The 2016 offseason began with a bang, as two of the biggest trades in recent NHL history went down within minutes of each other on June 29. But since then, apart from the occasional move, the trade talk around the league has gone largely quiet.
Or has it? After all, just because blockbuster deals aren’t being made doesn’t mean they’re not being discussed. Hockey history is filled with monster trades that almost happened and that we only find out about after the fact. We covered five of the biggest near-misses a year ago, with names like Steve Yzerman, Corey Perry, Pavel Datsyuk, and even P.K. Subban and Carey Price (in the same deal). Today, let’s look back at a few more.
But first, the obvious disclaimer. While all of these deals were reported by reasonably trustworthy sources, we’ll never know how close they actually came to happening. When it comes to the “near” in near-miss, mileage may vary.
But with that out of the way, let’s get to the fun stuff. Here are five NHL blockbusters that apparently really did almost happen.
Steven Stamkos to the Rangers
Until the one-for-one trades started flying, Stamkos had been the focus of the 2016 off-season. His stay-or-go decision with the Lightning had dragged on all season, and he was reportedly the top target for several teams if he’d made it to free agency. He’s widely considered one of the best players in hockey. So it’s easy to forget that, at one point early on in his career, Stamkos was viewed as a bit of a bust.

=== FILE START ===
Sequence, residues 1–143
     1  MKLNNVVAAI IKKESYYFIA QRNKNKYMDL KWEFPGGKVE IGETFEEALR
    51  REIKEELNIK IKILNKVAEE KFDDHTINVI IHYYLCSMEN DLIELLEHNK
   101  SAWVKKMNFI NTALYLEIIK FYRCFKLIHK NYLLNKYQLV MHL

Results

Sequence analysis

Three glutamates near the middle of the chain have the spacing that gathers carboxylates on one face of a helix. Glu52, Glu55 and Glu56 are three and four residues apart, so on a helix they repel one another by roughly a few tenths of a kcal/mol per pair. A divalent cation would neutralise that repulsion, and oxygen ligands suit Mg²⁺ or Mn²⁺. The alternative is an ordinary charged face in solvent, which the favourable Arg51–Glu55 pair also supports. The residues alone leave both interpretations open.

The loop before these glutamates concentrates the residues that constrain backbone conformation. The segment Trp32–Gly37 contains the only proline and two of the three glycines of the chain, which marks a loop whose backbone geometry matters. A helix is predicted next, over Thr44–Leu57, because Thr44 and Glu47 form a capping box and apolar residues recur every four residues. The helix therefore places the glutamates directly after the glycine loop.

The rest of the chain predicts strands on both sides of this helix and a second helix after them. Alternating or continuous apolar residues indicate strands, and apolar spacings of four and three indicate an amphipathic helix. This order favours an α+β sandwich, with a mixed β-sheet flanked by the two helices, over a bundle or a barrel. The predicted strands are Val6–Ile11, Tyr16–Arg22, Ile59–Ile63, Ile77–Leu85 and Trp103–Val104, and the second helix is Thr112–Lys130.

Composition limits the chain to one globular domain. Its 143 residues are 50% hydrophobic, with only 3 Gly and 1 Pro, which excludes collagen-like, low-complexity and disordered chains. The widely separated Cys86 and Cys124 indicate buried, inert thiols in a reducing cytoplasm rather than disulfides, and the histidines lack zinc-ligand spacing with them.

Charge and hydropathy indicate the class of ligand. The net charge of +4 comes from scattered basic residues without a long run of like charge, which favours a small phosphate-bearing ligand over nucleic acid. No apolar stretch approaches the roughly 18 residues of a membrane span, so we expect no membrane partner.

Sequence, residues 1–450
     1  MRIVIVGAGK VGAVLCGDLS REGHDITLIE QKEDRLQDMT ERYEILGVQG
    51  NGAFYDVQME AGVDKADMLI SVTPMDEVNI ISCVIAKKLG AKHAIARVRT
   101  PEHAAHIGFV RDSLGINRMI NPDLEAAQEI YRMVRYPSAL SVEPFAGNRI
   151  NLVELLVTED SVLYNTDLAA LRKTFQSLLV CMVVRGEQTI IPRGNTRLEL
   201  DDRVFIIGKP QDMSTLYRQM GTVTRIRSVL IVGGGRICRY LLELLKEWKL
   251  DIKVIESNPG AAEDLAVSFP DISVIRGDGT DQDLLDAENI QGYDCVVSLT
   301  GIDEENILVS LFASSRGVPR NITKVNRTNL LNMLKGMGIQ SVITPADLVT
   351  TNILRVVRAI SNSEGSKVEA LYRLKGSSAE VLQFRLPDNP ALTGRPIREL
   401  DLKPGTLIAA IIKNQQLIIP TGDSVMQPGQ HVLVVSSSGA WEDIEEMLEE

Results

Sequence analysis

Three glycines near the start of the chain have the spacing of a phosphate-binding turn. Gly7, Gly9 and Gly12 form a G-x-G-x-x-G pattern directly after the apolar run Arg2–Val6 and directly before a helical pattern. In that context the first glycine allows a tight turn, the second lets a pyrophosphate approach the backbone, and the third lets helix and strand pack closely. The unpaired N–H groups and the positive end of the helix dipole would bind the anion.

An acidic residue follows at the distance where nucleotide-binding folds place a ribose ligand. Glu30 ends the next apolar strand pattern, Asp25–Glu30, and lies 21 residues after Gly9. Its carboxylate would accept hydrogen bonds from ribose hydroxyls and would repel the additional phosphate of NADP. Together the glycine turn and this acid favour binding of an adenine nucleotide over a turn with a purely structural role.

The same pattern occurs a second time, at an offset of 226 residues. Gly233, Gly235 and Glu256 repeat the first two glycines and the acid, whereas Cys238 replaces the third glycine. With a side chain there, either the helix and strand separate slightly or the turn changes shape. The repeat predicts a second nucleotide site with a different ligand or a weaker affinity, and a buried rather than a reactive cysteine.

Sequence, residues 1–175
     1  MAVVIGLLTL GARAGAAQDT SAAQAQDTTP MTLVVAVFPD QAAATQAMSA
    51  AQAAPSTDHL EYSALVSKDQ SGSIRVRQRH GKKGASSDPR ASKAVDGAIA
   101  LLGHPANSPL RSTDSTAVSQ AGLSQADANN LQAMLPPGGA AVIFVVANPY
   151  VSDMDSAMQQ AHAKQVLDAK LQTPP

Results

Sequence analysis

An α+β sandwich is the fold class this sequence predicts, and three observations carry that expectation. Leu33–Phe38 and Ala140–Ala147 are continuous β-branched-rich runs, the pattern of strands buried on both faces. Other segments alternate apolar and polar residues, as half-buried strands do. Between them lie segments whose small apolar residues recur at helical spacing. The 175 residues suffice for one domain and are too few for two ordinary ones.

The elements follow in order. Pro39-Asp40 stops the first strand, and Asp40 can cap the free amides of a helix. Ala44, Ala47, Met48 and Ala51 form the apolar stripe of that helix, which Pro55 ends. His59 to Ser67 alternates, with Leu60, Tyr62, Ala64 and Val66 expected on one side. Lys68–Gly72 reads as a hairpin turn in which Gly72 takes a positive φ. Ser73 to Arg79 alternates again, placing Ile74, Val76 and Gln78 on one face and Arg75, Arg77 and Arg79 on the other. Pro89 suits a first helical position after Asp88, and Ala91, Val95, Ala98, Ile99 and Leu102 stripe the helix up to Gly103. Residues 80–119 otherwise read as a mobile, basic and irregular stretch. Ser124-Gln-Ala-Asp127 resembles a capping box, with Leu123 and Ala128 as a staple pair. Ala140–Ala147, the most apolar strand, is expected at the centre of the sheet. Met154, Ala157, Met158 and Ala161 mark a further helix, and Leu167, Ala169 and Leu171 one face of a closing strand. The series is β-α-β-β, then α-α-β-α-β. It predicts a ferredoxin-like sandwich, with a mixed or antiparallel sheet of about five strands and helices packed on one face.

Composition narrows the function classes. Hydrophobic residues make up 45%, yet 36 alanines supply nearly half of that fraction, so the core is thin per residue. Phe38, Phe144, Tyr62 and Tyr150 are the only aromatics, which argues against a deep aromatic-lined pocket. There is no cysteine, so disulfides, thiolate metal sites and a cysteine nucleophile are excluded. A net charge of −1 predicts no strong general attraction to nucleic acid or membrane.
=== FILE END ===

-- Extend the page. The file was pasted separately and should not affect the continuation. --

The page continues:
The top pick in the 2008 draft, Stamkos arrived in Tampa with plenty of hype. But he got off to a slow start, scoring just twice in his first 21 games. He struggled under Lightning coach Barry Melrose, at one point seeing as little as six minutes of ice time. He just didn’t look ready for NHL action. And within weeks, according to Larry Brooks of the NY Post, the Lightning had decided to trade him.
The deal was struck with Glen Sather and the Rangers, and according to Brooks would have seen the future all-star sent to New York in exchange for “two or three from a wish list that featured Michael Del Zotto, Evgeny Grachev, Ryan Callahan, Brandon Dubinsky and Dan Girardi.”
According to Sather, the deal was done and sealed with a handshake. The problem: That handshake was with Lightning co-owner Len Barrie. When general manager Brian Lawton found out about the discussion, he wanted no part of the deal. Barrie still wanted to go forward, according to the report, but co-owner Oren Koules refused, and the deal died.
Melrose was fired, Stamkos was a 50-goal scorer by his second year in the league, and the rest is history.